I never felt that I was close to my grandmother. I was always slightly scared of her because she always had something to say about the way I look, my choices, and any other small detail she could pick up. I loved her - but I never felt close to her.
Three summers ago, she passed away from stomach cancer.

It is only now - three years later - that I'm realizing the significant place my grandmother held in my life and in my heart, and recently I have been faced with the unique challenge of dealing with my grandmother's death three years after the fact.

Sadly enough, as I begin to figure out ways to deal with my own loss, my closest friends are finding out that their loved ones (often grandparents) are falling ill. While I hate to assume the worse will happen, their confiding in me that they may lose a loved one has forced me to reflect on ways that I have dealt and am dealing with my grandmother's death.

Here is what I have been doing:

1.) Smile with her - I'm finding that there are weird incidences that trigger memories of my grandmother. Instead of being sucked in to the grief of realizing that she isn't here with me, I have been smiling at them, regardless of whether the memory is happy or sad. It is as if it is my grandmother that is showing me those memories and by smiling at them, I am acknowledging her presence and that I feel her - and that I smile with her.

2.) Talk to her - I was telling my friend about the one thing I cannot forgive my grandmother for - not coming to my high school graduation. Even four years after graduating and three years after her death, I was having a hard time letting it go. Then my friend suggested that I talk to her. Well, of course! And when I do, I like to hold or be in the presence of something that she gave me and sort of talk to the object, because sometimes it's easier to talk to an actual object than the air. I also enjoy reflecting on how I came to possess the object.

3.) Listen to her - Last year, I had to make a very important decision regarding my summer. I had two very intriguing and promising opportunities and no matter how many pros/cons lists I made or people I talked to, I couldn't make a choice. One opportunity would take me home to my family, the other would help me in the future with a potential career.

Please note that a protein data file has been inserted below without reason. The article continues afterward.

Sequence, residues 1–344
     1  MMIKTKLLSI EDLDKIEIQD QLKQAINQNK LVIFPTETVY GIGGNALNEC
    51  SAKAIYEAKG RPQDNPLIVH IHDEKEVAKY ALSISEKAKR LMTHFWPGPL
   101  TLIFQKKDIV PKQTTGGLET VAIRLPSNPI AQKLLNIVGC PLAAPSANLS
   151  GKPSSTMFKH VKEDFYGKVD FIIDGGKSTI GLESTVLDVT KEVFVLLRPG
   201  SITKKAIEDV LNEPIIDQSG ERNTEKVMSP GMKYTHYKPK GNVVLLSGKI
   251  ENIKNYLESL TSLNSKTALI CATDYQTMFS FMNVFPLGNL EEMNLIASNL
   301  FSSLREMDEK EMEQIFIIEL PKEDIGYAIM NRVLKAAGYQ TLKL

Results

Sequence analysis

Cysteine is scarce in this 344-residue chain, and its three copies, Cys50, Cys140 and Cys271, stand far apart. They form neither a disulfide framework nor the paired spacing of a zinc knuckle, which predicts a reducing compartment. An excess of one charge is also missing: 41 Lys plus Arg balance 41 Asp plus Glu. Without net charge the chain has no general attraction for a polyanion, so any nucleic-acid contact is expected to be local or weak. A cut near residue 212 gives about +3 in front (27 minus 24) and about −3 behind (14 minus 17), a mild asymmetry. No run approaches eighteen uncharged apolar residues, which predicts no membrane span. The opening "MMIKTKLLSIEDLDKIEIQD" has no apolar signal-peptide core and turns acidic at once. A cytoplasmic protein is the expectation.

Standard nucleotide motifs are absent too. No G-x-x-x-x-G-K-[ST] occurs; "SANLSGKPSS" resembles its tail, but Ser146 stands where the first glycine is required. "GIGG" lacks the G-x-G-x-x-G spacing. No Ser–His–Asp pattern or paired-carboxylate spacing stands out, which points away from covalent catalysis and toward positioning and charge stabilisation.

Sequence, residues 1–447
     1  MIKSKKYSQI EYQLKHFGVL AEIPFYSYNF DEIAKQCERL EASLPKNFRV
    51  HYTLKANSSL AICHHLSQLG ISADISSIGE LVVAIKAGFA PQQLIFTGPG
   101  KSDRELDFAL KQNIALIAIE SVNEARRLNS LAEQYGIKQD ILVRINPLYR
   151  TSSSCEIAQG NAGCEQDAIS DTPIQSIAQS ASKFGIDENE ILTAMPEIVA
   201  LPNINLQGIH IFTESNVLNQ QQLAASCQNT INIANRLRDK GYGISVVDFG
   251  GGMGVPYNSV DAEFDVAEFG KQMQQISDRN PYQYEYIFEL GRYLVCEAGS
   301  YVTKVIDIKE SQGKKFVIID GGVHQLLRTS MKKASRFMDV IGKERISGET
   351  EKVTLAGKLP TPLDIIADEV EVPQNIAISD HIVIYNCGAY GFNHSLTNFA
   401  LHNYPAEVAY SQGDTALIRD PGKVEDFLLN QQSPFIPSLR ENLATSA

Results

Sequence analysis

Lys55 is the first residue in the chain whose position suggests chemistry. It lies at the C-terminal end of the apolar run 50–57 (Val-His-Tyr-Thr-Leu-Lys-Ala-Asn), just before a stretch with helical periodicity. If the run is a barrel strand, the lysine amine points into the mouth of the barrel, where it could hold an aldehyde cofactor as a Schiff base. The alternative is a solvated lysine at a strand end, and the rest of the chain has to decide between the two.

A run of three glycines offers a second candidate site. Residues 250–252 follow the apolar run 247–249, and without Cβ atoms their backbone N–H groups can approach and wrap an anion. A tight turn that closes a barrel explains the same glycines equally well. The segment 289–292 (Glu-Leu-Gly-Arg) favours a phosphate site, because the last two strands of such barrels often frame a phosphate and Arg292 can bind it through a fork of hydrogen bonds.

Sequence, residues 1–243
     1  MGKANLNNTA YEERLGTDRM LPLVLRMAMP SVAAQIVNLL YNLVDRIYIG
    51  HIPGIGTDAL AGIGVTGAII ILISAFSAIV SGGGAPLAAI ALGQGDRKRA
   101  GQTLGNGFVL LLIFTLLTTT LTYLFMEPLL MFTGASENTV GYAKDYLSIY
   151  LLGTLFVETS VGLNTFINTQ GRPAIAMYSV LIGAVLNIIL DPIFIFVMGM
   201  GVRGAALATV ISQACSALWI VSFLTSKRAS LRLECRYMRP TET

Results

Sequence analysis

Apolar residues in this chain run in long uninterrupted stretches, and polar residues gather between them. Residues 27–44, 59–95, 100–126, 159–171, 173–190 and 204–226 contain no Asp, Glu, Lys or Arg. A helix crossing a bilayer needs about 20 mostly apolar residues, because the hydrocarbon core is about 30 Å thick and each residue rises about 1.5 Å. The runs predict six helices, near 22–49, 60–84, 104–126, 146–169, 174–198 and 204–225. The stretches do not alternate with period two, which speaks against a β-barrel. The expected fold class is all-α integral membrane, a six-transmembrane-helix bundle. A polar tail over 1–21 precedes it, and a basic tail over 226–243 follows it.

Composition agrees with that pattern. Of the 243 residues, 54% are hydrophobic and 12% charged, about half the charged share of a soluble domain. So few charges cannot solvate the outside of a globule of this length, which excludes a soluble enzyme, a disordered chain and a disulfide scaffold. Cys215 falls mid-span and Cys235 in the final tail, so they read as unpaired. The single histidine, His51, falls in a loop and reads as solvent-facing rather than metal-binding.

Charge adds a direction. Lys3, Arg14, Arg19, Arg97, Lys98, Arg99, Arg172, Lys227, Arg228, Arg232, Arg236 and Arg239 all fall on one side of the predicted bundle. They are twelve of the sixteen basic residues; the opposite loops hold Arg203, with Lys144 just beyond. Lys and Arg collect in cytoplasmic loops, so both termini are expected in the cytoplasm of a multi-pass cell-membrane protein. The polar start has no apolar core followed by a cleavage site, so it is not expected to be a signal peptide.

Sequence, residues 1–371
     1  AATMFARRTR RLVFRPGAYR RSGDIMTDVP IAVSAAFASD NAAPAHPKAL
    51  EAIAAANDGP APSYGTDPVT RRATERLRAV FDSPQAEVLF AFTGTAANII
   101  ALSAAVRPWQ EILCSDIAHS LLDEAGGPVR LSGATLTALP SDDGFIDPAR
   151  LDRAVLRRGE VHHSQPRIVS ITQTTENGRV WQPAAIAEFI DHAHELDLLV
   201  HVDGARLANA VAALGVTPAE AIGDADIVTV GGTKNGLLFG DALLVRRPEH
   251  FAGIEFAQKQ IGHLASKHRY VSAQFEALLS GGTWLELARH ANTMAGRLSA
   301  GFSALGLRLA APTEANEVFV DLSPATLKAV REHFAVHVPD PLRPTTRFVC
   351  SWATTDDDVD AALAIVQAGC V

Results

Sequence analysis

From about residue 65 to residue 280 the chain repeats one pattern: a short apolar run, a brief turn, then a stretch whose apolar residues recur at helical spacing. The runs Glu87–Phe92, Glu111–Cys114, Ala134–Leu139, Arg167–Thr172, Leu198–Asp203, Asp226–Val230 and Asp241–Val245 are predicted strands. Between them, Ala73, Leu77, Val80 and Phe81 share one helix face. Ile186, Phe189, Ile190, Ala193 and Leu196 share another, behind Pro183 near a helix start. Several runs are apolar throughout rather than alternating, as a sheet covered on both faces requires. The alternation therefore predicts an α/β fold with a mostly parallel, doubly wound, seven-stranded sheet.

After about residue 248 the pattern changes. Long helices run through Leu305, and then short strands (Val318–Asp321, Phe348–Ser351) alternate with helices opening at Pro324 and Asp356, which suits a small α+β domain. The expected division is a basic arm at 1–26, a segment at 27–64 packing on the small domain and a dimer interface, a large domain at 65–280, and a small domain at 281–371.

After four or five days of frustration and tears, my grandmother showed up in my dream. I don't remember the details, but I distinctively remember my grandmother being there. When I woke up, the first thought that came to my head was "Do what you want to do, and look great while doing it." That was my grandmother mantra. Do what you want to do (and look great while doing it). That day, I finally decided on the choice I really wanted to do - go home. She appeared in my dream to tell me that she was there for me and also to guide me. Since then, whenever I have to make a difficult choice, I remember my grandmother and her mantra.

All three ways acknowledge my grandmother's presence in whatever form she might exist right now. I'm not shutting her out of my life simply because she doesn't exist physically in the material reality.

Death is a physical loss, but if we move beyond the physical, I believe more than ever that death is also an opportunity to further your relationship with a loved one and gain insight to yourself.

Author's Bio: 

Intent.com is a premier wellness site and supportive social network where like-minded individuals can connect and support each others' intentions. Founded by Deepak Chopra's daughter Mallika Chopra, Intent.com aims to be the most trusted and comprehensive wellness destination featuring a supportive community of members, blogs from top wellness experts and curated online content relating to Personal, Social, Global and Spiritual wellness.